The Policy & Resources Committee has submitted proposals for the States to decide how to review the Bailiwick’s response to covid-19.
The Committee is asking States' members to back "internal audits" rather than an external, independent review - but its proposals are structured to allow the Assembly to set up an external review if it wishes.
The Committee believes the review should look at how well prepared government was ahead of the pandemic and how its services responded.
In recommending internal reviews, the Committee said that in a number of key service areas such reviews were already planned or had been completed.
Pictured: The proposed review would examine the States' response to the covid-19 pandemic, including the leadership of key figures such as Deputy Peter Ferbrache and Dr Nicola Brink.
“The internal audits would include a high-level desktop review to create a factual record summarising the impact on the Bailiwick,” said the Committee.
“This would be the faster and more cost-effective option, would follow best practice and would assist the Scrutiny Management Committee in bringing a report to the States with flexibility as to whether further steps such as hearings are necessary.”
The second option - not recommended by the Committee but open to the States if they wish - is for an individual or body to be commissioned to hold an independent review at an estimated cost of around £250,000 depending on the terms of reference.
Pictured: The Policy & Resources Committee said that an independent review could cost around £250,000.
The Committee said: “The costs would likely be greater if a cross-profession panel was established to complete the review.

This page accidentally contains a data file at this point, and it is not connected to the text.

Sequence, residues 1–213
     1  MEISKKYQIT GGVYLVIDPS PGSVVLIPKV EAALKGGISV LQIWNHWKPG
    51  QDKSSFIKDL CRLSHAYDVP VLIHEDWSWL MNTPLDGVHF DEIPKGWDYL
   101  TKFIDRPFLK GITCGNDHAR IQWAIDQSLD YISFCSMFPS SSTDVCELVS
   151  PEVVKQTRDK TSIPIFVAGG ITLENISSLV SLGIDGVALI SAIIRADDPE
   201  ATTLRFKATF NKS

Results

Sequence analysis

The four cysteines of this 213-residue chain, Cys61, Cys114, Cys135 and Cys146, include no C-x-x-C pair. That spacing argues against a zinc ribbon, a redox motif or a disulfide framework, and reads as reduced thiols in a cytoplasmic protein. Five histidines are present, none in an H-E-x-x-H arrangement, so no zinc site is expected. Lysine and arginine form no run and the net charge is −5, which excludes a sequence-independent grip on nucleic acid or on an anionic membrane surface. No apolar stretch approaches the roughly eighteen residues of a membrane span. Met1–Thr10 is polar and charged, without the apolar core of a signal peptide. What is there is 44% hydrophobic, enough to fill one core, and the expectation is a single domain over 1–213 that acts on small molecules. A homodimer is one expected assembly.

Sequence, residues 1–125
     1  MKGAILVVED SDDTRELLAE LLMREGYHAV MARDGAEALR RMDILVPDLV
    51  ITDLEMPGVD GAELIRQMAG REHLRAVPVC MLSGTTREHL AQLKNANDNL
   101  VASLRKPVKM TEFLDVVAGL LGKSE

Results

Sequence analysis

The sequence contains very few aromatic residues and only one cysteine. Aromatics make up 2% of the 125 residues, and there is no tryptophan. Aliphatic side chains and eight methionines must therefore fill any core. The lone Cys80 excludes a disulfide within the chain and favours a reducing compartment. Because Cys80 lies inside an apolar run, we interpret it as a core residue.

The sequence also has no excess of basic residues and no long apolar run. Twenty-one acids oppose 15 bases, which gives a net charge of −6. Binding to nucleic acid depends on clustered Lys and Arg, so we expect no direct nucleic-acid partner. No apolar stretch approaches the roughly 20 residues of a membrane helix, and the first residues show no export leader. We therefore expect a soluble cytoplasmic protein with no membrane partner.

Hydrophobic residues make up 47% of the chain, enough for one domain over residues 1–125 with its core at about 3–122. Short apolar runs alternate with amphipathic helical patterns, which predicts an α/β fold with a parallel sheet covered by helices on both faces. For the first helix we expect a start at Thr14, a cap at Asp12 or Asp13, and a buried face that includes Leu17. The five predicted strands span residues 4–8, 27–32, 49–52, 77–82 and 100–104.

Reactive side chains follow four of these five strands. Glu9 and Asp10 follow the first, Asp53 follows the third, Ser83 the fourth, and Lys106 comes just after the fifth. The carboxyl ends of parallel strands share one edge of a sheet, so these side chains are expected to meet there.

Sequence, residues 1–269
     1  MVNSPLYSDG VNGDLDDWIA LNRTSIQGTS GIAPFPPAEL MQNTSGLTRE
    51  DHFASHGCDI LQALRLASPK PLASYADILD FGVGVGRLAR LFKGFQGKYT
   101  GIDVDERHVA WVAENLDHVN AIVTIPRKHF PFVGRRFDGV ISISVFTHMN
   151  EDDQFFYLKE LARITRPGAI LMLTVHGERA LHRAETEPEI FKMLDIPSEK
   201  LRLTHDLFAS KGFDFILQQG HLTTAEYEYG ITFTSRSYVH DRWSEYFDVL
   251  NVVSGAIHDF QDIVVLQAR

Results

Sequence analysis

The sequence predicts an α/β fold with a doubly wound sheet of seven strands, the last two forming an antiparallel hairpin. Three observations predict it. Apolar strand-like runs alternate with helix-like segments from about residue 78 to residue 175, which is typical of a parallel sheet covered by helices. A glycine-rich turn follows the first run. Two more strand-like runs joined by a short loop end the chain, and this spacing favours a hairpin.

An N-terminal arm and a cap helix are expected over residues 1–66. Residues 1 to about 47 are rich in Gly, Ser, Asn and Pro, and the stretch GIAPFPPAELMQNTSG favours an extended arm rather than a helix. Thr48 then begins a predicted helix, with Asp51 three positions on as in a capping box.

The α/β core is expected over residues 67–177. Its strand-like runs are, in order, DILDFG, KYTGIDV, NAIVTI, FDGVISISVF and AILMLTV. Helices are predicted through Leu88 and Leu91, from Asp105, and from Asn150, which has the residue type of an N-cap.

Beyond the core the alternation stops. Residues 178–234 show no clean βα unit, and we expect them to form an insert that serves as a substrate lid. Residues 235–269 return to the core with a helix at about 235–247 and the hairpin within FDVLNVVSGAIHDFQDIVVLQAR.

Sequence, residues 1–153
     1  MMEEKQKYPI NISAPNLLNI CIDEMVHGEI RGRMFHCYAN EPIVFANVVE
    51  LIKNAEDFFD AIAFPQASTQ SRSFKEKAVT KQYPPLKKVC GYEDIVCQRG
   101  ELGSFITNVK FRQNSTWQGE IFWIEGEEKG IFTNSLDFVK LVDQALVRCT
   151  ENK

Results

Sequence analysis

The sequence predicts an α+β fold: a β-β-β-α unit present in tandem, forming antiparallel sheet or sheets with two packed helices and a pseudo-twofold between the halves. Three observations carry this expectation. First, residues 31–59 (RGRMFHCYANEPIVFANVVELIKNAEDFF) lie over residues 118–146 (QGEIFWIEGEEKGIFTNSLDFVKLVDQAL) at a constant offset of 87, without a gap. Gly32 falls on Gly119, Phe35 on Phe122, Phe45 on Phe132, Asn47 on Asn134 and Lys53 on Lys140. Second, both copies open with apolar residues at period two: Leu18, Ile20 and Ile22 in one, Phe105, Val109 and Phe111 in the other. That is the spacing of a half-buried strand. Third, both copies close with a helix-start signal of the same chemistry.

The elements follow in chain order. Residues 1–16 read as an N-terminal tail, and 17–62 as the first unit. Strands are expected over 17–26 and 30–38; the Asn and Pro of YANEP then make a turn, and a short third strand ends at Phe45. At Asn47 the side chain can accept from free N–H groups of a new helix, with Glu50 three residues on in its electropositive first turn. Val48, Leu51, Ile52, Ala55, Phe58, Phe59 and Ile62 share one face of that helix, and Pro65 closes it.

“The Committee does not believe these costs are proportionate given there is an effective alternative and given the world remains in pandemic status and the response is not yet over, even though emergency powers are no longer being used.
“The Committee is also very mindful of the current pressures on public finances.”
Pictured: Deputy Bob Murray.
Deputy Bob Murray, Vice-President of the Committee for Education, Sport & Culture, said he would support the Policy & Resources Committee's preferred option of internal audits.
“Categorically, I would not support the second option [of an independent review],” said Deputy Murray.
“The preferred option being proposed by P&R appears to enable relevant departments to audit their responses and to determine whether the processes are in place and appropriate to mount such a response again efficiently and effectively, if it ever became necessary.
“That option, being a review of process and not an attempt to second guess decisions, would seem reasonable and I would support that.”
Pictured: The Policy & Resources Committee believes the States should review their response to the covid-19 pandemic but does not think an external independent examination is necessary or good value for money.
Deputy Peter Ferbrache, President of the Policy & Resources Committee, said a review was important.
“This has been one of the most extraordinary periods in our recent history and it’s been a huge challenge for the public sector, just as it has been for the whole community,” he said.
“Different jurisdictions responded in different ways to this new danger as the world tried to understand the risks and how to counter them.
“The Bailiwick has probably had a better experience than most other places in the world during these past two years, but nonetheless it was a very hard time for many islanders for many reasons.
“We cannot ever forget that we lost friends and family to this pandemic, so it is, of course, right that we look back carefully at how we responded and ask ourselves tough questions, to see what we could have done differently, and learn from both our errors and our successes.”
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